Warning signs of flashover There are two warning signs, which may signal the danger of flashover: heat mixed with smoke and "rollover."
Heat: When heat mixes with smoke, it forces a firefighter to crouch down on hands and knees to enter a room to perform search and rescue. This must be considered a warning sign that flashover may occur. Heat is the triggering event for flashover. If the heat in the smoke filled room causes us to crouch down near the floor, we must consider the danger of flashover.
Rollover: Rollover is defined, as sporadic flashes of flame mixed with smoke at ceiling level. Rollover is caused by heated combustible gases in smoke, which ignites into flashes of flame when mixed with oxygen in the air. Rollover precedes flashover. Rollover is another warning sign of flashover, which may be seen in the smoke coming out of the tops of doorways or window openings of burning rooms before flashover occurs. When searching for the location of a fire and there is no discernible heat in the smoke or signs of rollover, firefighters may enter and proceed for some distance into a fire area. However, If one of these warning signs is discovered and a flashover danger exists, defensive search procedures must be used by firefighters. Standard tactics and procedures must be curtailed and defensive search and rescue procedures substituted when there is a danger of flashover.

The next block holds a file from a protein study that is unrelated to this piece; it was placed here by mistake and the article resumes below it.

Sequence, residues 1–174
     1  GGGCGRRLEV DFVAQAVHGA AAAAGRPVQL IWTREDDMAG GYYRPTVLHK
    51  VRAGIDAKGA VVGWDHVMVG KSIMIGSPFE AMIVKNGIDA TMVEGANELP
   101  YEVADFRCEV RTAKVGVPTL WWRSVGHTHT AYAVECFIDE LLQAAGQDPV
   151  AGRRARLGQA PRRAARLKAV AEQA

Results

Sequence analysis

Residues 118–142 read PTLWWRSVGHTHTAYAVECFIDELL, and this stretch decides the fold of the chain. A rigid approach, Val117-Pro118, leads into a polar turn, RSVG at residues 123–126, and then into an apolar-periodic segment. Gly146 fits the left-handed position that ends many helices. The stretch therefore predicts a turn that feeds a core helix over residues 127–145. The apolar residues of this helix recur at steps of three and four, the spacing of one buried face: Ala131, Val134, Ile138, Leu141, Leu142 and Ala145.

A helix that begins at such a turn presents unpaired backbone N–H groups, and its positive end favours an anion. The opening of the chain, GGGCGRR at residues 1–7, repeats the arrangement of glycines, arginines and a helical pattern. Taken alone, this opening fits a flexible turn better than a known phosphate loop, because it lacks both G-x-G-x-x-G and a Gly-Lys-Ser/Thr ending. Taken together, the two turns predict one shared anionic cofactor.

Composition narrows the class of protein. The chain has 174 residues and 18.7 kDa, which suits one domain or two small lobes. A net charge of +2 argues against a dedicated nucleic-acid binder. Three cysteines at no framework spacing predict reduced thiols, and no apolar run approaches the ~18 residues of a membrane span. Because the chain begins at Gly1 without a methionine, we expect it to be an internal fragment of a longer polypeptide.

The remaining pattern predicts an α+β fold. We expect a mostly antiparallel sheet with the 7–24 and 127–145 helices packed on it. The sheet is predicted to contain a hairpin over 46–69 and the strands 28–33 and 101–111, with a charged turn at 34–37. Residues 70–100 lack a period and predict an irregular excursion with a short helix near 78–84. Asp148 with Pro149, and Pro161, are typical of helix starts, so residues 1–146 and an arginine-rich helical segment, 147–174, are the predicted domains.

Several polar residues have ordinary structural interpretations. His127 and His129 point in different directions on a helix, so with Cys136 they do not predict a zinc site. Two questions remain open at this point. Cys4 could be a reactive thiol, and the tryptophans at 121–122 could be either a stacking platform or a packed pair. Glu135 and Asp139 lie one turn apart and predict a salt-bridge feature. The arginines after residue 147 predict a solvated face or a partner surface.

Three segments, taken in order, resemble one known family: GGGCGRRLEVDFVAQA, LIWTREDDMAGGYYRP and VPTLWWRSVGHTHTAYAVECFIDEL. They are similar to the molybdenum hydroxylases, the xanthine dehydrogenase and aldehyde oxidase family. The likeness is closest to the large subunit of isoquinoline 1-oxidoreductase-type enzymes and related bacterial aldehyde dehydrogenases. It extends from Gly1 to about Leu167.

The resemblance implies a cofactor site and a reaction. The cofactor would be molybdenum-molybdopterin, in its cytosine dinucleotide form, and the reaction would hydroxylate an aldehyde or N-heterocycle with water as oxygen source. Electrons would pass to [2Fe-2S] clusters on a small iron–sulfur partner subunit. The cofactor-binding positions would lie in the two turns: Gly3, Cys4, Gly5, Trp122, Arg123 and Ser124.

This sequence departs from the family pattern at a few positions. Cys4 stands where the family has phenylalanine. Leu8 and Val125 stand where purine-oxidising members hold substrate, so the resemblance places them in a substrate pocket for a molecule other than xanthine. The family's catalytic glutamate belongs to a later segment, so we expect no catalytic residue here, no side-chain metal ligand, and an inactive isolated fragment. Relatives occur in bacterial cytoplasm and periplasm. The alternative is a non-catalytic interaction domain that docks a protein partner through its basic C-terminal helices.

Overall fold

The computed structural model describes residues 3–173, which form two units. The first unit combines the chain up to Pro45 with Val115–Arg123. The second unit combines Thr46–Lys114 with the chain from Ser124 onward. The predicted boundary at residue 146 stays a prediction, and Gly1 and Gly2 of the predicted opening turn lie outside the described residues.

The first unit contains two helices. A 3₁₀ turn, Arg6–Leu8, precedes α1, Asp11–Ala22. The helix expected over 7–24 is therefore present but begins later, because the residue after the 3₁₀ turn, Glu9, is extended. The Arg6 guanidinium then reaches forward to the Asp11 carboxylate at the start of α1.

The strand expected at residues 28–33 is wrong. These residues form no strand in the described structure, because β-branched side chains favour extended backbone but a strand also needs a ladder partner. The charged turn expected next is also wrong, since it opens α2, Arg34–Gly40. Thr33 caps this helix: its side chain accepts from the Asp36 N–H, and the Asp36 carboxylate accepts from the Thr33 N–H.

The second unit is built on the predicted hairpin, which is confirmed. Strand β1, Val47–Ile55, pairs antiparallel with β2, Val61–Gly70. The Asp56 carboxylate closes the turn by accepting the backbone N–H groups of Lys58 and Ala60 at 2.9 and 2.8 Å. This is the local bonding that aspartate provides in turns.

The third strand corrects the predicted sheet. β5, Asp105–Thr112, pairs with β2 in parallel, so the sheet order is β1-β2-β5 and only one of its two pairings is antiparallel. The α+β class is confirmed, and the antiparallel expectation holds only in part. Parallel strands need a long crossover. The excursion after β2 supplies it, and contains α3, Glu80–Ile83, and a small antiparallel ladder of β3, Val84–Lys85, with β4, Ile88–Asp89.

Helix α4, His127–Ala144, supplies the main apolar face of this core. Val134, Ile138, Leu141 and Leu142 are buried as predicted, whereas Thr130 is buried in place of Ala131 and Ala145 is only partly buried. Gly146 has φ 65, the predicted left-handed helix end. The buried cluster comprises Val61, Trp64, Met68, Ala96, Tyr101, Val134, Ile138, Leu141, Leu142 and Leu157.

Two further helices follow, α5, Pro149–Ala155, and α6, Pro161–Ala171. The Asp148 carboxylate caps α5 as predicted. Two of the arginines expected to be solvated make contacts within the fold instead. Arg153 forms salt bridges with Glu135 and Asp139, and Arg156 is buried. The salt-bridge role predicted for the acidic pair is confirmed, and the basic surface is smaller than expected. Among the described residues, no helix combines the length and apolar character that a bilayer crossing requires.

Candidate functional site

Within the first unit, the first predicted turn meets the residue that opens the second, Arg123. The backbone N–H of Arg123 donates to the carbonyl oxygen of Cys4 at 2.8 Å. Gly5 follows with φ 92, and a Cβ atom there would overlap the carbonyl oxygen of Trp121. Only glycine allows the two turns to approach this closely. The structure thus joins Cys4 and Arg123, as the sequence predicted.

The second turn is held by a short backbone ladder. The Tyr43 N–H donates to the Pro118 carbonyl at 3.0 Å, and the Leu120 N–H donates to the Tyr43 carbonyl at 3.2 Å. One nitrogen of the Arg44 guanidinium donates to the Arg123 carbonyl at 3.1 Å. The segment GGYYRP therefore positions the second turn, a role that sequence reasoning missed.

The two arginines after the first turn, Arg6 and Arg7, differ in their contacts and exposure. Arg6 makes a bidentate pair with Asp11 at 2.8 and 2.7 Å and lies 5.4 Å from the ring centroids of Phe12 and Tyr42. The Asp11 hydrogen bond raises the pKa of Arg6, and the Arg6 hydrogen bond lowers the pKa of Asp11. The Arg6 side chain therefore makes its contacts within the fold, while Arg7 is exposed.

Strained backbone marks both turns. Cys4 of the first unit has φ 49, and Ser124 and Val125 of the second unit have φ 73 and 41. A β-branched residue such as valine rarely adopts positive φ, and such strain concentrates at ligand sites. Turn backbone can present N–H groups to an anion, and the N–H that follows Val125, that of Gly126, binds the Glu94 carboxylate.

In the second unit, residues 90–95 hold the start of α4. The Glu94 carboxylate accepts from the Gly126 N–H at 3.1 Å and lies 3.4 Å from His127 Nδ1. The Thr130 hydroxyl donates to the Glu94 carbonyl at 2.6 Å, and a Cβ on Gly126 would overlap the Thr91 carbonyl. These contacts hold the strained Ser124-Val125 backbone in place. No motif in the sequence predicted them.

Defensive search procedures:There are two defensive search procedures that can reduce the risk of death and injury from flashover: At a doorway: A firefighter should check behind the door for the victim, then enter the hallway or room not more than five feet, sweep the floor, look for unconscious persons, call out and listen for a response. If no response is forthcoming, close the door and wait for the hose-line. As the attack hose-line advances, conduct a search and rescue behind the line, searching room and space outward from the hose-line. At a window: When climbing a ladder placed at a window and the window breaks from either the heat of the fire or because it is opened by the firefighters at the top of the ladder, and smoke and signs of rollover are seen in the smoke, the firefighter should not enter the burning window. Instead the firefighter should crouch down below the heat and sweep the area below the windowsill with a tool. In some instances a person may collapse at the window and fall right below the sill. If a victim is found, a firefighter on the ladder might be able to crouch below the heated smoke and flashes of flames mixed with smoke coming out the window and pull the victim to safety on the ladder.